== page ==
The Velvet Hammer Burlesque

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Author: Michelle Carr

Publisher: Die Gestalten Verlag

Date Published: 2008

Pages: 144

‘The Velvet Hammer Burlesque’ has put the ‘tease’ back into striptease. Based in Los Angeles, the world famous troupe kick started the current era of Neo-Burlesque, reviving the traditional American genre and elevating the classical performance.

‘The Velvet Hammer Burlesque’ opens with an intro by Michelle Carr (aka Valentina Violette), one of the founding members of the Neo-Burlesque performing group, discussing how she came to the epiphany of creating a modern burlesque troupe. Michelle describes a combination of nostalgia for retro glamour and dissatisfaction with the lifeless stripping establishment as contributing to her extremely spontaneous decision.

‘The Velvet Hammer Burlesque’ is a homage to burlesque history and the revival of the event of theatrical striptease in modern times. The book rails against plastic surgery and generic concepts of beauty. Women of literally all shapes and sizes are presented with unabashed glory and are beautifully fleshy and real. It taps into secret desires of Hollywood glamour, commanding attention and criminal amounts of sequins. The girls wear elaborate make up that could give drag queens a run for their money and extravagant costumes that ooze attitude and witchcraft. ‘The Velvet Hammer Burlesque’ is filled with quotes from the performers as well as viewers, in order to lace the book with a feel for the culture.

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Of all the sections the black and white portraiture at the beginning of the book, with the performers in their skilful glory, is the best executed. The portraits perfectly capture the eroticism, fantasy, nostalgia and humour of the burlesque performances. Backstage photography focuses on details and absurdities such as pressing sequined nipple stars on and boxes of glitter being shaken onto a performer’s skin. Although the backstage pictures probably dominate too much of the page count, both the portraiture and snapshots capture interesting elements.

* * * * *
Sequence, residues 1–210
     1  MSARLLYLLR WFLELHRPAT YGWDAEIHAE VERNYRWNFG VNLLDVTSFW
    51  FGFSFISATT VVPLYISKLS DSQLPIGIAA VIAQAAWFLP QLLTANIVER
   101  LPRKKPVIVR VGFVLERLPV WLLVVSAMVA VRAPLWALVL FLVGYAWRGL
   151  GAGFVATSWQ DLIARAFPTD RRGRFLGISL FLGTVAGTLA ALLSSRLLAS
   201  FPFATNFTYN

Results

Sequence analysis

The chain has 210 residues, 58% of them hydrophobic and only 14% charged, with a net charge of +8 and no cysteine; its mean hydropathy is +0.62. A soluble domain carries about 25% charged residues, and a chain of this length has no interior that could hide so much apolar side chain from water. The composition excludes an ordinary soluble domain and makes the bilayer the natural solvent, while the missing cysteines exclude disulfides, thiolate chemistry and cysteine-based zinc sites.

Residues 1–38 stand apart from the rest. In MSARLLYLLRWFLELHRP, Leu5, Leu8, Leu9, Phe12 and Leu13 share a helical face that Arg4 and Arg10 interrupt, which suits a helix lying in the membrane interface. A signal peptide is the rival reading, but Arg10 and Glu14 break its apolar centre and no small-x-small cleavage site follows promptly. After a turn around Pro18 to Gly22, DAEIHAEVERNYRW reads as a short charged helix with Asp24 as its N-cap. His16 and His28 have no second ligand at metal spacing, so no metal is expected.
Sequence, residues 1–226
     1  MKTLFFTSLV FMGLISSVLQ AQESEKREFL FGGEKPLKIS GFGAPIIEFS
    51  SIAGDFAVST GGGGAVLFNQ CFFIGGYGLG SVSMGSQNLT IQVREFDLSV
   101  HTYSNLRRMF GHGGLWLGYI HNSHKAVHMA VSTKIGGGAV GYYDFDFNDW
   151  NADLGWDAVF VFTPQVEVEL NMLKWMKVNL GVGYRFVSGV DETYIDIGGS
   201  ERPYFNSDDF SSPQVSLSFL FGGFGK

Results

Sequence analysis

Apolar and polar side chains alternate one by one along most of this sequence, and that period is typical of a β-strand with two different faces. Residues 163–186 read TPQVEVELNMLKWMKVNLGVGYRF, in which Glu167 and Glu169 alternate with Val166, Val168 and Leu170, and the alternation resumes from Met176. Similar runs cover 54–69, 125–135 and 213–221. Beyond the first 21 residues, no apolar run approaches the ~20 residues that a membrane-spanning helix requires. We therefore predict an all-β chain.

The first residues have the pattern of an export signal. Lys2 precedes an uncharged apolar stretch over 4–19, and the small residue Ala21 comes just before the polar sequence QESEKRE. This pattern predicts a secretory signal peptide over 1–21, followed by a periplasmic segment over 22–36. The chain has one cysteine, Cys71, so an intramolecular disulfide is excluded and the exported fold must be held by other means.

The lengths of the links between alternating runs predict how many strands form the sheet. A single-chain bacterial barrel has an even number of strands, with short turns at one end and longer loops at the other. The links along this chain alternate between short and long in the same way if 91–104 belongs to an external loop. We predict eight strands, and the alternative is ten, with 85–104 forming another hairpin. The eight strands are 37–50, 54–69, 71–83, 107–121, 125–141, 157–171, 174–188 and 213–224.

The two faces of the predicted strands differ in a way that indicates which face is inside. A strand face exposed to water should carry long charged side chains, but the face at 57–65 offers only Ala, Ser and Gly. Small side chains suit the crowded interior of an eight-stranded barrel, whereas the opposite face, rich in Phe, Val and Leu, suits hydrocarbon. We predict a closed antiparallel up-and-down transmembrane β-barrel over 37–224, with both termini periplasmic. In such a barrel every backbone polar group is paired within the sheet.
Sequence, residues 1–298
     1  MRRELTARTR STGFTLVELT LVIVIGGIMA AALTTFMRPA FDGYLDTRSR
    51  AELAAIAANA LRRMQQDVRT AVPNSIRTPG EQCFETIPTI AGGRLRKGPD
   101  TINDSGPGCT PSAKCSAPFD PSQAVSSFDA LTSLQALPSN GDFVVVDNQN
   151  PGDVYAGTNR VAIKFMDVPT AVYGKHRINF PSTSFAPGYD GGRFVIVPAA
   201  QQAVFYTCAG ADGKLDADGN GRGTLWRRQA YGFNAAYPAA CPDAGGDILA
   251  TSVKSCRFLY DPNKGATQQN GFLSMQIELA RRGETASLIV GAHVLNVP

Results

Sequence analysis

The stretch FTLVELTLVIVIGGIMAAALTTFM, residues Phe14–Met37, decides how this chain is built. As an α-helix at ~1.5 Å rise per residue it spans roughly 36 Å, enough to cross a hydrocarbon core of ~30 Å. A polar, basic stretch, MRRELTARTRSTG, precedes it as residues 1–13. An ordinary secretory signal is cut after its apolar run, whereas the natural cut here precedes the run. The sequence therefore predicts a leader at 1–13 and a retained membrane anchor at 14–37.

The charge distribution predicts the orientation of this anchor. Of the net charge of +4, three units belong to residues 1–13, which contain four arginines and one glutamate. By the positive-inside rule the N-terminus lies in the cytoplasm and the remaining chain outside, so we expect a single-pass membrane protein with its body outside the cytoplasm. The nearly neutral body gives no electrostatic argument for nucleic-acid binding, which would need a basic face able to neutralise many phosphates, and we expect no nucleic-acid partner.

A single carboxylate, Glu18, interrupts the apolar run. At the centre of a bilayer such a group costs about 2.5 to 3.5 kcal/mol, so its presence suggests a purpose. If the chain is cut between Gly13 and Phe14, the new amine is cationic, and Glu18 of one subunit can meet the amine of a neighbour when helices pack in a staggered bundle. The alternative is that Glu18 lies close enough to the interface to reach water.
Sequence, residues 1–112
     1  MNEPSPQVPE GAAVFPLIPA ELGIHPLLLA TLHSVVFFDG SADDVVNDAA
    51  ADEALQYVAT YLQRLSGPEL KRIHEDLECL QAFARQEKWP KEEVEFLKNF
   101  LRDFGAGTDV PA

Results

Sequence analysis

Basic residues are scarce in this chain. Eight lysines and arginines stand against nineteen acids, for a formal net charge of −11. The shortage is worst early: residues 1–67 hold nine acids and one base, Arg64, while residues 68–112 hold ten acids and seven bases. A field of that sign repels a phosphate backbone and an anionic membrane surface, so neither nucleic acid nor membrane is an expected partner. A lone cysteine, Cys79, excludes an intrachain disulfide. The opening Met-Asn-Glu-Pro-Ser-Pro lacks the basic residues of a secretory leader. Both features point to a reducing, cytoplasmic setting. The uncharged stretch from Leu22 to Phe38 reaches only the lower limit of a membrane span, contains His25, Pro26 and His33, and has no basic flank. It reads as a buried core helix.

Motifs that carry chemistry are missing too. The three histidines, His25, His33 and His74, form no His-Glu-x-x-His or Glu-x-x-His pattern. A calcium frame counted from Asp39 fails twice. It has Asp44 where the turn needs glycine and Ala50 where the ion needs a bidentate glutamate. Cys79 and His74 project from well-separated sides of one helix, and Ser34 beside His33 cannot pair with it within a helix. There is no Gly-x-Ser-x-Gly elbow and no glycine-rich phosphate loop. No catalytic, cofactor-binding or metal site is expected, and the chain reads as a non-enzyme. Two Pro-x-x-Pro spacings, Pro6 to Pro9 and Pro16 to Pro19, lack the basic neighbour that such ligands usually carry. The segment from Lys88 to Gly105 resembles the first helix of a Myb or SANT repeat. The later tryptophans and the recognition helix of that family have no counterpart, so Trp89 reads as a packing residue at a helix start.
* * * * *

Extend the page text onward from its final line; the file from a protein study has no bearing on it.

At times ‘The Velvet Hammer Burlesque’ indulges in championing its perceived counter culture to the point of arrogance, which is particularly noticeable in the quotes. This is one aspect, as well as stripping being a form of post-modern feminism and empowerment, that I don’t really see eye to eye with. The two extremes of female behaviour (the clean prude wife and the lusty, sinful stripper/prostitute) have never been edgy or unusual – it’s the middle ground of modern times that is truly groundbreaking – and as such their ‘putting the tease back in striptease’ is exactly that and nothing more. It’s the common mistake of ‘showing thy titties to be subversive’ without understanding how naturally mainstream this action is, especially in the sex dominated industries of America.

‘The Velvet Hammer Burlesque’ manages to audaciously straddle the line between its many elements; circus carnival, theatre, Hollywood parody, strip tease and underground nightclub. It is an interesting, well formed and unique dedication to the extravagance of the Neo-Burlesque movement.

♥♥♥♥ – 4/5

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